The House Sees the Light
Repealing the de facto ban on incandescent light bulbs.
July 11, 2011 - 12:00 am
The light bulb, when it appears in the funny papers, is symbolic of a good idea. On Capitol Hill it has been just the opposite.
In 2007, Congress, following the lead of other industrialized nations, took steps to mandate an increase in the energy efficiency of light bulbs sold in the U.S. market. While not directly a ban on the production and sale of the incandescent bulb that goes back to Thomas Edison, the new rules would have made it hard for them to compete with new technologies like compact fluorescent lights (CFL) and light-emitting diodes (LED).
The light bulb ban, as it became known, was a perfect example of the law of unintended consequences in action.
Brian McGraw, a policy analyst at the Competitive Enterprise Institute, says the “incandescent light bulb ban is an outrageous government intrusion into the homes of every American, and public outrage over the ban is significant. Despite the promises of industry, no cost-effective replacements have appeared.”
He’s right. Incandescents are, among their other virtues, easy to install, provide good value for the money, and are time-tested and safe. That’s why they dominate the marketplace. CFLs, on the other hand, are more expensive and, as time has passed, have been shown to present just as many problems as they solve.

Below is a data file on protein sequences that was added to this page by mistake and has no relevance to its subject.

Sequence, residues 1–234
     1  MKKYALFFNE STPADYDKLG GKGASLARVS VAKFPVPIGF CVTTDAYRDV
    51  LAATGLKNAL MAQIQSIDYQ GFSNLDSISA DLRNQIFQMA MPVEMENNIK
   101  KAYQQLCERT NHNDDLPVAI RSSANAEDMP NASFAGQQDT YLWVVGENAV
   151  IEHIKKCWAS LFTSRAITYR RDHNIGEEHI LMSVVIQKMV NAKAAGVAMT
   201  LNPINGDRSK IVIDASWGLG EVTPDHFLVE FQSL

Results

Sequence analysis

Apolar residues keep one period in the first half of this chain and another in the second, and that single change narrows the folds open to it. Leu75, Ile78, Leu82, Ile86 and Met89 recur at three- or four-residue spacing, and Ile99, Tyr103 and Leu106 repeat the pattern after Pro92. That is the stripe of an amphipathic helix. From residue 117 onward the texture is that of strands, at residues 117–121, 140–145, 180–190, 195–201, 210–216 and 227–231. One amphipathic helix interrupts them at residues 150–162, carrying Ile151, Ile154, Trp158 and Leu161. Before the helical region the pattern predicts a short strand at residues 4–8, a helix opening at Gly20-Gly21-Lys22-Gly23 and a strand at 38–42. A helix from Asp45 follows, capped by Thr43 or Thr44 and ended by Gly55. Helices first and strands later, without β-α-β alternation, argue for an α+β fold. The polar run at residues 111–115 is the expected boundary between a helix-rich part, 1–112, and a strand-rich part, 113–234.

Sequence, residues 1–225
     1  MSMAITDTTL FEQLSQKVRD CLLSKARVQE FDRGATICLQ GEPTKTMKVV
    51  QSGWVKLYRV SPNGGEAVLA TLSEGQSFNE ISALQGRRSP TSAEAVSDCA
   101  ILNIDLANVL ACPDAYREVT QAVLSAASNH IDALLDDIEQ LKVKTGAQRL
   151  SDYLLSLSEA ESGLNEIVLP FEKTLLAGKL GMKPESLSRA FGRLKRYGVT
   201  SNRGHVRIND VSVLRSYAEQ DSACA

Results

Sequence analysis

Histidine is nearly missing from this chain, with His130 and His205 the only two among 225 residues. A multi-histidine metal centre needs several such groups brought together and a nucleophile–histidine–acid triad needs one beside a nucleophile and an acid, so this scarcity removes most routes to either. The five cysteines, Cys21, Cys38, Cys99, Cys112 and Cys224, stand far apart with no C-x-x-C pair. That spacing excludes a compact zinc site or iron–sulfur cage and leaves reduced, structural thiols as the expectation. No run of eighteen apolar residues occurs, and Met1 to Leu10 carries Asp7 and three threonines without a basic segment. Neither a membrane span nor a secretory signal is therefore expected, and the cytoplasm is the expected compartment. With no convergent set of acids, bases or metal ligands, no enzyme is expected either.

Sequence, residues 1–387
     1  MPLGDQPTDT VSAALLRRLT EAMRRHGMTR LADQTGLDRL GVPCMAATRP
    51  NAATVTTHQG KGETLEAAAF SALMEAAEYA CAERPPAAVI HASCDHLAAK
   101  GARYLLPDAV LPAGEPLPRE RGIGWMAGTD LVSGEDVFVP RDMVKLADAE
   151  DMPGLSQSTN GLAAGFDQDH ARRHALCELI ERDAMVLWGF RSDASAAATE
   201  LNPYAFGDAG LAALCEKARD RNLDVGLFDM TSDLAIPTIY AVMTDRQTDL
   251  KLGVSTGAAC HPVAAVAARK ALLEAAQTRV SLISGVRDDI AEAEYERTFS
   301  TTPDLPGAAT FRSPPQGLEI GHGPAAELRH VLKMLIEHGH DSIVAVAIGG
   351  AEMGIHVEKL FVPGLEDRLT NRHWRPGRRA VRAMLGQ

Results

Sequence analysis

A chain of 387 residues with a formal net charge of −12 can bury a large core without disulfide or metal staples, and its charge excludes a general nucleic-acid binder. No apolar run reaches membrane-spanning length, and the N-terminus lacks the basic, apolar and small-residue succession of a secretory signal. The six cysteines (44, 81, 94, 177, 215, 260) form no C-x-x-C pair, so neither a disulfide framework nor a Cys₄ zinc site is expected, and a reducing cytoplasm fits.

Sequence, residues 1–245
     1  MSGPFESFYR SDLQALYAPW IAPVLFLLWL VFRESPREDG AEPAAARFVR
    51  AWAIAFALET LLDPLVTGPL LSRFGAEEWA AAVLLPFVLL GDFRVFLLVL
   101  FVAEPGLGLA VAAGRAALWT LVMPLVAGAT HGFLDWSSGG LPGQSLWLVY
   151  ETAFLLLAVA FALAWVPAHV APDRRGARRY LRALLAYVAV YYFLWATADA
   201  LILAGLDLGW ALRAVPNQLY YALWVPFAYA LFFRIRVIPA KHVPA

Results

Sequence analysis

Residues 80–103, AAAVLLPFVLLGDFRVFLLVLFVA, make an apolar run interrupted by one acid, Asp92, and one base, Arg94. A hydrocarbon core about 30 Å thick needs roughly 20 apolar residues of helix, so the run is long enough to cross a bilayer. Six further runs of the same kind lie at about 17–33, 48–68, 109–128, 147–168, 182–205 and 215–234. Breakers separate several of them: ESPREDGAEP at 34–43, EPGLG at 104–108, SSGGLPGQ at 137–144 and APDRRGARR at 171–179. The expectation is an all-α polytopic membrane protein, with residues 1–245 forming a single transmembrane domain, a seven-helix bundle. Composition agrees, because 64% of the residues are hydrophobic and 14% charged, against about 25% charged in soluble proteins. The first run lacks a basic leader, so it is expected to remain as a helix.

Congress, in its infinite wisdom, has seen fit to reverse course. On Wednesday, Texas Republican Joe Barton introduced legislation in the House to repeal the ban.
Barton’s bill, the Better Use of Light Bulbs Act, protects America’s access to the light bulbs of their choice rather than forcing them to purchase CFLs and LEDs by engineering distortions in the marketplace.
“Light bulb efficiency standards,” Barton’s office said, “could carry negative unintended consequences. For example, some mandates could only be met with bulbs that contain dangerous mercury. Rather than having the government limit light bulb options or appear to favor one type of bulb over others, the market should allow consumers to decide on the cost, type, and efficiency of the lighting that works best for them.”
There is considerable sentiment in support of Barton’s view, which is shared by Energy and Commerce Committee Chairman Fred Upton of Michigan and most if not all of the House Republican leadership.
Simply put, the mandate won’t work — and may create more problems and be more costly than leaving things well enough alone. As Orson Swindle, former commissioner of the U.S. Federal Trade Commission, puts it,
The creativity of the private sector has brought us a long way from the days of darkness, kerosene lanterns and candles. Thank you, Thomas Edison. Now the government, despite failure after failure over the decades of government efforts to run the economy, decides to mandate to all consumers that the remarkable incandescent light bulb is no longer to be used. The “government light bulb,” like the government energy programs (anti-petroleum) and the government healthcare system, will be far more costly. In addition, reports are still coming in on the rather dangerous fire hazard qualities of the government bulb. Obviously, those responsible for this new government initiative are not the brightest bulbs in the box.
In imposing the standards, Congress took a stab in the dark at making things better — even when there were precedents that should have suggested its initiative was off target.